The Sierra Club’s Ilana Solomon develops an argument on both oil and gas. As far as oil is concerned, it doesn’t seem that TTIP can have relevant consequences, except perhaps on marginally changing Europe’s import mix. World oil markets – differently from natural gas markets – are “one great pool”, as the late Morris Adelman said. “The price is the same at every border [he went on]. Who exports the oil Americans consume is irrelevant”. In his seminal 1984 paper, Adelman argued that, given the nature of oil as a commodity, price shocks in any region are rapidly transferred to any other region.

Therefore the effect of selective treaties (particularly embargoes or cartels) is much less relevant than one would expect. That also applies to bilateral free trade agreements. Who exports oil to America is as irrelevant as who imports American oil. The effect of TTIP on global oil prices is likely to be negligible. But if the price does not change, all else being equal demand is not likely to increase either. True, there may be some relocation in production, with more drilling in the US and less drilling somewhere else, but that is likely to be a second-order effect, with little impact on total consumption, emissions, etc.

The issue of natural gas is trickier. On the one hand, a global market is developing that in this respect makes natural gas more similar to oil than ever before. Yet, the size of LNG trade – as compared to pipeline trade – is still too small to result in one global price for natural gas. Therefore there are still huge price differentials between regions, as is evident by looking at natural gas quotations at European and American hubs. For example, in 2013 the average price for natural gas was as low as 3.71 US$/MMBtu at Henry Hub, as compared to more than 10 US$/MMBtu in Europe. TTIP can make a difference, although not a substantial one in the short run.

What are the environmental implications? Contrary to what Ms. Solomon argues, they are likely to be positive for the climate. More LNG trade between the EU and the US is likely to result in two consequences. Since natural gas markets are mostly regional in size, the effects on the US and the EU should be looked at separately.

The basic assumption is that, by removing red tape on natural gas exports from the US, all else being equal the existing price differential will make it convenient for US producers to export some of their natural gas to Europe, even after transportation costs are taken into account. If the quantities involved are large enough there will be effects on prices. In Europe, an increase of LNG import will lower prices at the margin, making gas more competitive and its supply more secure, both in reality and in the operators’ and politicians’ perception.

At any rate, cheaper natural gas is unlikely to displace green energies, as Ms. Solomon fears: the demand for renewables is driven by and large by the available (although declining) subsidies and by regulatory mandates. It is substantially shielded from market risks. For example, if the EU adopts a 30% renewable target by 2030, the available natural gas from the US will only impact how the remaining 70% is provided. It will have no effect on the green 30%.

Even if such a target is not adopted, but a 40% reduction target for COis set, free trade in energy commodities with the US may or may not have an impact on renewable investments, but at the end of the day Europe’s energy mix will have to be such that carbon emissions decline by that amount. Therefore, even in the worst-case scenario more natural gas (and oil) imports from the US would have no impact on Europe’s ability to meet its target, provided that there is a credible commitment to do so.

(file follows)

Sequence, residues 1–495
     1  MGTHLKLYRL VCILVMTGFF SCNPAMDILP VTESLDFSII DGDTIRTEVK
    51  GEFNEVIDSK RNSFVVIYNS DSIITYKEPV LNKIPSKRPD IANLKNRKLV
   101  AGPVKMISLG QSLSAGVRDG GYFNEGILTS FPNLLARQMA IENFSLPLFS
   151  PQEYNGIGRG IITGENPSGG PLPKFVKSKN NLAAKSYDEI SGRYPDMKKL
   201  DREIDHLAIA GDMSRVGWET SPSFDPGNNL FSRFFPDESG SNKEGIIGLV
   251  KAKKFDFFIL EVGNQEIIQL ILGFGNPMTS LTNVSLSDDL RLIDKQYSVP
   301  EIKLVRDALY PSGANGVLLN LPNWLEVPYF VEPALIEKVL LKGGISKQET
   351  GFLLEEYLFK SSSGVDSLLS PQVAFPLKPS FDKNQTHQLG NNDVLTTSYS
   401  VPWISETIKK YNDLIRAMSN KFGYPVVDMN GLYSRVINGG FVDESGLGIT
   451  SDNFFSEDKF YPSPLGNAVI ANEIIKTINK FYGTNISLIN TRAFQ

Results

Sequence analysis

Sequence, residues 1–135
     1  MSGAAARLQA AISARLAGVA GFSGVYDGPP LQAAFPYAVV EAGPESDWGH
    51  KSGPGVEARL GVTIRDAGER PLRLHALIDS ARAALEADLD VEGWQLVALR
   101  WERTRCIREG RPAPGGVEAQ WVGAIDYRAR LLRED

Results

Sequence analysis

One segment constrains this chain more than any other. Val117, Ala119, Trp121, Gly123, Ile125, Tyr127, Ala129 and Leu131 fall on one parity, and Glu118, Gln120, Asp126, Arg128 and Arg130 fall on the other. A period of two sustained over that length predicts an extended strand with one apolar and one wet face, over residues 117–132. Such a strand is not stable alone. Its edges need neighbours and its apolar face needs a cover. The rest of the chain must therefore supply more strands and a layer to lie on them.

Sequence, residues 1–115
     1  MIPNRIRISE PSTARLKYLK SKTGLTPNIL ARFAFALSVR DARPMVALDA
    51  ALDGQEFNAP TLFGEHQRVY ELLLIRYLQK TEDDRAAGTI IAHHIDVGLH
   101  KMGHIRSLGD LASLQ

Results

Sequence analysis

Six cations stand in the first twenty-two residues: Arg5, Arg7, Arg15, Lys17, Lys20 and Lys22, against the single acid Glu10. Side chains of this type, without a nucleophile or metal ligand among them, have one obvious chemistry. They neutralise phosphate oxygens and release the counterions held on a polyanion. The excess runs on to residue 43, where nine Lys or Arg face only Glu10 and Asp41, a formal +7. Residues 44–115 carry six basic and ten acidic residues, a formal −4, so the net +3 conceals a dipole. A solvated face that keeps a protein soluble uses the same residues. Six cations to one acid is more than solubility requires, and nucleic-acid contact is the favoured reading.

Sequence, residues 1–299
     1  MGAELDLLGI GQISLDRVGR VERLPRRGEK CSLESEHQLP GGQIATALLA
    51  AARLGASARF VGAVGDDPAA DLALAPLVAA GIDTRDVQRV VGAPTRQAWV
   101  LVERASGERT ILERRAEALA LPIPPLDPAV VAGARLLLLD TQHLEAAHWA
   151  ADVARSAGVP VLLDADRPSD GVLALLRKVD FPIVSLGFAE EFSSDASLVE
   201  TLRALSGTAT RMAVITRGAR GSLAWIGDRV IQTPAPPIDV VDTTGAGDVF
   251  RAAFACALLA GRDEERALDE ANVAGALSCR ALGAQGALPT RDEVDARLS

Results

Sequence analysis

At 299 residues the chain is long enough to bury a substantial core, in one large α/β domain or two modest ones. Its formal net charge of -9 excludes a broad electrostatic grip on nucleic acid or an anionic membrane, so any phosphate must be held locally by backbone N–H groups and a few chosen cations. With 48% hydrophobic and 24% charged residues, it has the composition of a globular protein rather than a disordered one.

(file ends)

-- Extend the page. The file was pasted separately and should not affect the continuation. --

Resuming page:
Good News

The opposite is more likely. US natural gas might displace coal in the European Union, as much as coal displaced gas in the past few years. From a CO2 perspective, this is likely to result in less, not more, emissions. Climate activists should be happy and supportive of this development.

Alas, the opposite will happen in the US. If American natural gas is demanded in Europe, it will become relatively less abundant in America, driving prices up. This might in fact result in more coal becoming relatively more competitive, but that again seems quite unlikely.

There are several reasons behind this. First, there is still a large potential for unconventional gas in the US: the alleged additional demand will be covered, at least in part, by additional supply. Therefore the effect on prices would be less than proportional. Luckily, this is not a zero-sum game.

Secondly, natural gas in the US is so abundant and so cheap that it is very unlikely that its prices will increase enough to make it convenient for power generators to switch back to coal.

Thirdly, America’s generating fleet is also evolving towards a cleaner, natural gas- and renewables-based pattern: that involves large sunk costs that will have to be recovered, creating a strong incentive for generators to keep the existing CCGTs running despite a modest increase in domestic natural gas prices (and a correspondent reduction in their margins, if there is enough competition in the US electricity generation market).

Fourth, according to the US Congressional Research Service, “some initial estimates projected a modest rise in absolute terms in domestic natural gas prices if all the proposed export projects are built, premised on a relatively flat supply curve for natural gas”. If the impact on prices is low, all else being equal the impact on demand will be low, too, making it unlikely that there will be an incentive for energy-consumers to switch from gas to more carbon-intensive fuels.

All in all, it seems reasonable to expect that the environmental consequences of TTIP, if any, will be benign: lower emissions in the EU will more than offset higher US emissions, and it is likely that US emissions will not deviate from the baseline anyway.

Free trade can be good for the economy, and for the environment too.


Carlo Stagnaro (Ph.D) is Senior Fellow of Istituto Bruno Leoni. This article is based on a longer version that originally appeared on EnergyPost.eu.